In Every Phase of a Woman’s Life, Jesus Meets Her: A Mother’s Day Sermon

A Lover or A Mother or What?

Especially for a woman, what she does, and so who she is, can change radically from one phase of life to the next. A woman in different phases of life has different needs. Proverbs 31, the Old Testament chapter, describes the “virtuous wife” as a super-woman who seems to do so many different things. Professor Tasha Chapman, of Covenant Seminary, once suggested to me that the passage may describe different phases of a woman’s life. Or, as another woman put it: “I don’t live a balanced life, I live a balanced lifetime.”

 

Jesus shows special sensitivity to women’s concerns at every stage. Whether envisioning the difficulty of future events for pregnant & nursing mothers (Matthew 24:19), or comforting wailing women while bearing His own cross (Luke 23:27-31), or returning a lost son to his mother (Luke 7:11-15), Jesus’ concern, and His atonement, is manifest for all feminine situations.

 

Two Amazing Healings, Brought Together by Providence

A woman with an incurable flow of blood. A girl who dies from an unstoppable ailment. All three synoptic authors tell the story of how these two healings happened together (Mark 5:21-43, Luke 8:41-56, Matthew 9:18-26). In so doing they make the stories a highlight of women’s physical issues. The healing of a woman interrupts the journey to a girl.

 

The first woman has an incurable illness in her body. She had been subject to the bizarre first century treatments for a Zabah, the term for a woman with an unstoppable flow of blood. She had probably been given wine mixed with powder made from rubber and garden crocuses. She could have been treated with sudden shock, and made to carry around, against her body, the ash of an ostrich’s egg. All to no avail. The account shows us the difficulty in addressing the needs of this woman’s body. Then Jesus arrives at the house of a dead girl, making the momentous utterance, “she is not dead but asleep.” We hear that this is even more than a resuscitating. She needs to be awakened. A healing of the incurable. A miracle of calling forth from death. Providence brought them together. Amazing miracles for these women but something even more.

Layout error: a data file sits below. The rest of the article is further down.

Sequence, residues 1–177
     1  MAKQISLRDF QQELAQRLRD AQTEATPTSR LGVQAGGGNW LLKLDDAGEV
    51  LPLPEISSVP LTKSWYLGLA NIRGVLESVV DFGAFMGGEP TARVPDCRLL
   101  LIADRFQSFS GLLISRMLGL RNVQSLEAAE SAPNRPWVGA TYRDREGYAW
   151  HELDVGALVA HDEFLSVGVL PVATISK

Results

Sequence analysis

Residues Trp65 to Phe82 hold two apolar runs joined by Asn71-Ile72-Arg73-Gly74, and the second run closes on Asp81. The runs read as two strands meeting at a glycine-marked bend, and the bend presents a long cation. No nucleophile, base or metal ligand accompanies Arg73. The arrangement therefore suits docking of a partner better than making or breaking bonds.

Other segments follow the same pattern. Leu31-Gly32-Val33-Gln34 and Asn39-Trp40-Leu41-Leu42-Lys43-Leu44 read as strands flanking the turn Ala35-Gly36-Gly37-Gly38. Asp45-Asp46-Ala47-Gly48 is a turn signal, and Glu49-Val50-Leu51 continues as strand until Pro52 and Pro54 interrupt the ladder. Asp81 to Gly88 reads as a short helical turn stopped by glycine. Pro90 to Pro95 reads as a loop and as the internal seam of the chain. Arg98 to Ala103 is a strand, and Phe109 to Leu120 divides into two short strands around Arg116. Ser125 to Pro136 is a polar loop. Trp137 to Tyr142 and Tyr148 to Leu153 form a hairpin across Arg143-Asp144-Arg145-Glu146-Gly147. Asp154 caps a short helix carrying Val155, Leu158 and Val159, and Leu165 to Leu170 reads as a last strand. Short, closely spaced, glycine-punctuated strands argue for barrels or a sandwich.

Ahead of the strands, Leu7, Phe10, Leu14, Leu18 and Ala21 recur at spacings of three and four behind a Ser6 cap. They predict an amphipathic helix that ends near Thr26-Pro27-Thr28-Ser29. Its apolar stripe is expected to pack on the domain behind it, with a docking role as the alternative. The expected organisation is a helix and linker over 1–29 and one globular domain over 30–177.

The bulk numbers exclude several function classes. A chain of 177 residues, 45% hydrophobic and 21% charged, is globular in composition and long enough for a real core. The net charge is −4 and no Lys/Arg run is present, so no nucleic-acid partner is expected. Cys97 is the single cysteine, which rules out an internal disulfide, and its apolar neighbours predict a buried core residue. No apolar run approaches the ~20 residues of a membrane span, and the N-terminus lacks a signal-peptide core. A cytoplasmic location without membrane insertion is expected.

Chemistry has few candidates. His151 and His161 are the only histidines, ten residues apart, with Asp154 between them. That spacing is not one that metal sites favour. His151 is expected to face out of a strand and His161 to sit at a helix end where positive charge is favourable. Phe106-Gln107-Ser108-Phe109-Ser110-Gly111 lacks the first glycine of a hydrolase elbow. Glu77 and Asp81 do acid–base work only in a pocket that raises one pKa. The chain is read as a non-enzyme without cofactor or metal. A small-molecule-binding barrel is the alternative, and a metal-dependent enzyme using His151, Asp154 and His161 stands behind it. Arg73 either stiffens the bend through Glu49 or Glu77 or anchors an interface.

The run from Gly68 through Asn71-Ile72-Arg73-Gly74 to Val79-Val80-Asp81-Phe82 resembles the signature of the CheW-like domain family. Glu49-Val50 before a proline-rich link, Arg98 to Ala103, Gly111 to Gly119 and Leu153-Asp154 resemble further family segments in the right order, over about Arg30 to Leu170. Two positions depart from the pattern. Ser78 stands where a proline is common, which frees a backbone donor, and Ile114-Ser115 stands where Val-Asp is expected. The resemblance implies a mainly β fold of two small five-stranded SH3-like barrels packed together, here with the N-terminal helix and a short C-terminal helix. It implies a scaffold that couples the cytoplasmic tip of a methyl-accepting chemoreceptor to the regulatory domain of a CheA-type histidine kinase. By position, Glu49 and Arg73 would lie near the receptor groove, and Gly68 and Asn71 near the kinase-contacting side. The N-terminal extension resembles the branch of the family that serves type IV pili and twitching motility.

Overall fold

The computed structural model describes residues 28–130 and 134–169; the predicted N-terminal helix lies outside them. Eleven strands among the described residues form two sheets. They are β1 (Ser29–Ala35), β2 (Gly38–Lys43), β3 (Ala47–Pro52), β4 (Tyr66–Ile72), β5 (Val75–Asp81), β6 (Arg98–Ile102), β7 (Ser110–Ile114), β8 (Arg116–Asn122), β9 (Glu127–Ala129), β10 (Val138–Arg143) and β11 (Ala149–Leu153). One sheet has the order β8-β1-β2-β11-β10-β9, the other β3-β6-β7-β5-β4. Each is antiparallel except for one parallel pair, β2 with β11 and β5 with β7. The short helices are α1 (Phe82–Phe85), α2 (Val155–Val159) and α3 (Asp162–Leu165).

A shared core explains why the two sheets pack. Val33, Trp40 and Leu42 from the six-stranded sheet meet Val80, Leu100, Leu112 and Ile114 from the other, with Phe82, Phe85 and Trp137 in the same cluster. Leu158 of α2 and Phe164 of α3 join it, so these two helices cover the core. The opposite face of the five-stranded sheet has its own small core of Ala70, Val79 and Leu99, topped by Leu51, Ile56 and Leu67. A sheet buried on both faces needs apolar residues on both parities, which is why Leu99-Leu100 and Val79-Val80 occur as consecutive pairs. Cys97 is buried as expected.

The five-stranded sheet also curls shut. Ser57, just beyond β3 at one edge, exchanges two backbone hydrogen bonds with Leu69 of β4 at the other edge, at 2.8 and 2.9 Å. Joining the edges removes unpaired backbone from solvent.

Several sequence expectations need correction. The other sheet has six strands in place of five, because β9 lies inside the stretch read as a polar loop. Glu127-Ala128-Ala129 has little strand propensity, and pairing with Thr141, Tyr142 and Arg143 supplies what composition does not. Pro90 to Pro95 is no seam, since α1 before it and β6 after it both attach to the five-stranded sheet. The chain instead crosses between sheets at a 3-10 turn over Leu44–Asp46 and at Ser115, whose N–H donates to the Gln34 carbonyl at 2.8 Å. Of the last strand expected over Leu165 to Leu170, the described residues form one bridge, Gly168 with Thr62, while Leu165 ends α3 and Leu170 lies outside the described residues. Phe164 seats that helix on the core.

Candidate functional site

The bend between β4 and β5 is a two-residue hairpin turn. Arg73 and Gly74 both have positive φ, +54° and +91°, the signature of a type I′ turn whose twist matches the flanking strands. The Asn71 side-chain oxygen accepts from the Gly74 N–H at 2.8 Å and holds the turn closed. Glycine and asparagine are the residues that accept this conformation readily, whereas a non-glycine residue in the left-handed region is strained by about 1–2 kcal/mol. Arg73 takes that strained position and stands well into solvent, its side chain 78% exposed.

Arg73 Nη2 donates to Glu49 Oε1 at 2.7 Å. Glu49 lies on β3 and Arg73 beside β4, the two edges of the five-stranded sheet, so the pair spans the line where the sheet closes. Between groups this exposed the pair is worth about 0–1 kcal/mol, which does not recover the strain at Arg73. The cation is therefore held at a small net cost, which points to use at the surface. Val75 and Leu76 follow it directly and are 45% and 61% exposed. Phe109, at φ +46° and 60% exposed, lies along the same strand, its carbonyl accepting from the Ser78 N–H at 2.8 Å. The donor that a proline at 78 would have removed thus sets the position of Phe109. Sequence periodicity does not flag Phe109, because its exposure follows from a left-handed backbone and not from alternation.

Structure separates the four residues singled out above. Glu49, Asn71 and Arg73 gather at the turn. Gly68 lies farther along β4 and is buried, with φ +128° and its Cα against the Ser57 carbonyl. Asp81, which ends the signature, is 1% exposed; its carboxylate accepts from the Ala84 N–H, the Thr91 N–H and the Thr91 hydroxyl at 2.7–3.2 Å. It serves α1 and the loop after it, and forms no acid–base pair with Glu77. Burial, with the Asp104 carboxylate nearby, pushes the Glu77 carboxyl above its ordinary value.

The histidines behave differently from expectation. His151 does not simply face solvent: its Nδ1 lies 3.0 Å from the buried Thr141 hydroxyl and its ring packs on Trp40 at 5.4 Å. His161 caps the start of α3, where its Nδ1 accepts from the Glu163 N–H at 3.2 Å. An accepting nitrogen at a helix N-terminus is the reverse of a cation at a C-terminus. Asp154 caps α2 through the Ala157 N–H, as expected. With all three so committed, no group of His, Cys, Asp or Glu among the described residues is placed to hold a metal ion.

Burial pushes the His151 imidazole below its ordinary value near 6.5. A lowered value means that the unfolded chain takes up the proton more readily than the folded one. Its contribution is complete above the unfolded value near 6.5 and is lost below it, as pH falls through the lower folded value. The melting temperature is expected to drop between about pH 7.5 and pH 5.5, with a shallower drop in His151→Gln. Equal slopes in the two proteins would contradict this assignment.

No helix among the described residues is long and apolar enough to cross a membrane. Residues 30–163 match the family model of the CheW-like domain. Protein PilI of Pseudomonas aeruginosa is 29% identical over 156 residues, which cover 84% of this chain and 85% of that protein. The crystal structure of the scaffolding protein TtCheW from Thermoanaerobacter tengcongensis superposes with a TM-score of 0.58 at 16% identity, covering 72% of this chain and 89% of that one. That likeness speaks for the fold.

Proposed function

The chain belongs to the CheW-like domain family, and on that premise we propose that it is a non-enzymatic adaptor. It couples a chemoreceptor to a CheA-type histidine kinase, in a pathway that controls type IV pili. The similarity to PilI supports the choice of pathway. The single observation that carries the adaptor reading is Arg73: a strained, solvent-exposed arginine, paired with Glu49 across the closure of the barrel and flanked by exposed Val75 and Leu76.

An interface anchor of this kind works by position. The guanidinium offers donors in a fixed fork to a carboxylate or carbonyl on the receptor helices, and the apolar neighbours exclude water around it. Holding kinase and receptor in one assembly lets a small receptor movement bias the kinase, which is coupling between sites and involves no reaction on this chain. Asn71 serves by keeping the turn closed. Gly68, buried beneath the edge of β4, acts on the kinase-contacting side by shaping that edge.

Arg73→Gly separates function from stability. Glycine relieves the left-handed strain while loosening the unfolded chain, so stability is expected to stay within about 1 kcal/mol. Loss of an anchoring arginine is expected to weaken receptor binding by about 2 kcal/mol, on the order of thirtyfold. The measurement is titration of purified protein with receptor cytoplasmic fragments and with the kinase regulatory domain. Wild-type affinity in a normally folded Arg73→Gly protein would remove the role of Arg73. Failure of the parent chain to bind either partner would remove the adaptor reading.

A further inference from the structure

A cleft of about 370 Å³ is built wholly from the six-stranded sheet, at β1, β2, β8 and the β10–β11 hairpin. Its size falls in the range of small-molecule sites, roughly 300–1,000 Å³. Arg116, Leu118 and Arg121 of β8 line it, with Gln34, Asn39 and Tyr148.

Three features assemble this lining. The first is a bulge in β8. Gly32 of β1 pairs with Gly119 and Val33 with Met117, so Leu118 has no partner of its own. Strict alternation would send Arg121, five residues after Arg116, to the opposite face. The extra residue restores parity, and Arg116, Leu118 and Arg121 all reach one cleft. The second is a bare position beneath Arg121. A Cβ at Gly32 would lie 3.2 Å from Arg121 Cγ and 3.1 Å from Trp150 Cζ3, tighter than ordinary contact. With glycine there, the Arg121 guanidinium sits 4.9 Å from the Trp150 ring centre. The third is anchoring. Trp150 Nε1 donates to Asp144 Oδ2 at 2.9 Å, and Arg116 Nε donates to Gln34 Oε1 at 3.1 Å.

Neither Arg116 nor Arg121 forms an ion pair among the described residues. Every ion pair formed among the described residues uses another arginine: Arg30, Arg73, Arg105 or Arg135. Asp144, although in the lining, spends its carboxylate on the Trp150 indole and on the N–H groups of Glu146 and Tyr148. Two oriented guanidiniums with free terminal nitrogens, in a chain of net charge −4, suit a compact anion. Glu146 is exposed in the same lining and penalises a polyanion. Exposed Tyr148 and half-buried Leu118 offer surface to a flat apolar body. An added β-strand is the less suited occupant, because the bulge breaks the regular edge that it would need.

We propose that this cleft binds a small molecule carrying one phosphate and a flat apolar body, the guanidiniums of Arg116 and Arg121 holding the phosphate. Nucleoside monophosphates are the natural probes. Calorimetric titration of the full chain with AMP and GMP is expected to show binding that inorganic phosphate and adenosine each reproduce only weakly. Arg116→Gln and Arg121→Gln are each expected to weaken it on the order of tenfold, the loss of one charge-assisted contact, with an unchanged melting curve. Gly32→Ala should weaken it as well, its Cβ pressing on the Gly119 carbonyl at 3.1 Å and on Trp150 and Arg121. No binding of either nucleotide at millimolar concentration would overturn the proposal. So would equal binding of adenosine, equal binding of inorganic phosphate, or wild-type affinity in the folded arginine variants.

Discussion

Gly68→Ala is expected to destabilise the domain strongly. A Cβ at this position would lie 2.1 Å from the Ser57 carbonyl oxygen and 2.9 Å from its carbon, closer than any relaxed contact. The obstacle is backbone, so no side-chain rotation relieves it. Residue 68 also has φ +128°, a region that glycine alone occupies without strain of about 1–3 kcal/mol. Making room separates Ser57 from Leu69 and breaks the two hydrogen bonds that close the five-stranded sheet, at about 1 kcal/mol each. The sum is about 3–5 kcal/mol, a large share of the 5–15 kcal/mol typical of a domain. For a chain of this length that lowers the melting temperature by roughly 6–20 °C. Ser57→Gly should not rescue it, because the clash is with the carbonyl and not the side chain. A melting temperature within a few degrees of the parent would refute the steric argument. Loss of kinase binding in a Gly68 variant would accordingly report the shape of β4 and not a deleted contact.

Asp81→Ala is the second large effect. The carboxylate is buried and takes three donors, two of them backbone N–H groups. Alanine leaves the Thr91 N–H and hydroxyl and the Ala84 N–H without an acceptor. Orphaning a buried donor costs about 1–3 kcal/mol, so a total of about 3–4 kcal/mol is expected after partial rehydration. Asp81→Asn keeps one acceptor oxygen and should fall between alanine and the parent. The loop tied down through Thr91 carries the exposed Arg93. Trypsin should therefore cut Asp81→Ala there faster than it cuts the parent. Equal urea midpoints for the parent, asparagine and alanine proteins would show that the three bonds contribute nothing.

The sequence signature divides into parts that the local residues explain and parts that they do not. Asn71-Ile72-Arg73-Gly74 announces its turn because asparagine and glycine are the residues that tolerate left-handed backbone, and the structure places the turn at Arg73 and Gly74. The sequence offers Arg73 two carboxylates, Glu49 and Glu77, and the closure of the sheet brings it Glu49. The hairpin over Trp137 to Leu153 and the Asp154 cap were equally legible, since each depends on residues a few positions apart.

Again, the trip to heal the girl is interrupted by the healing of the woman. How long had older woman been afflicted? Twelve years (Mark 5:25). How old was the girl? Twelve years (Mark 5:42).

The two details invite comparison between these two women. In fact, Luke puts these two mentions of twelve years one right after other, in consecutive verses, inviting connection even more strongly (Luke 8:42, 43).

 

An Earthy Picture of Women’s Changing Needs

Why specifically mention that the girl was twelve years old? To show she could walk when Jesus tells her to? Perhaps. But why specifically give the age, twelve? Age twelve was very important to how first century Jews categorized women (as discussed in the Mishnah). The distinctions they created had a lot to do with when a girl was marriageable and able to move toward child-bearing. A girl aged 1-10 was called “child.” At age 11, she was referred to as “under-age.” Then, from 12 to 12½, she became a “young daughter.” Over 12½, she was known as an “adult.”

 

Do you see the picture that we see in the gospels’ account of these two miracles? What was the woman’s problem? A flow of blood. What happens to a young girl at around twelve years old? What begins in her body? A flow of blood. So, on this journey, Jesus meets one woman and heals her by stopping a flow of blood. He then meets a girl, and heals her to be able to have a flow of blood. The Bible is pretty earthy.